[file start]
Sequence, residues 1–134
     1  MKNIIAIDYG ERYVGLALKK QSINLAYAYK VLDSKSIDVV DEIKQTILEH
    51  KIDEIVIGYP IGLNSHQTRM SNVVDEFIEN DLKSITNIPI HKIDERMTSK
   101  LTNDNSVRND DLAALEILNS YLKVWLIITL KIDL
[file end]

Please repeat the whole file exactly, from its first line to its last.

Sequence, residues 1–134
     1  MKNIIAIDYG ERYVGLALKK QSINLAYAYK VLDSKSIDVV DEIKQTILEH
    51  KIDEIVIGYP IGLNSHQTRM SNVVDEFIEN DLKSITNIPI HKIDERMTSK
   101  LTNDNSVRND DLAALEILNS YLKVWLIITL KIDL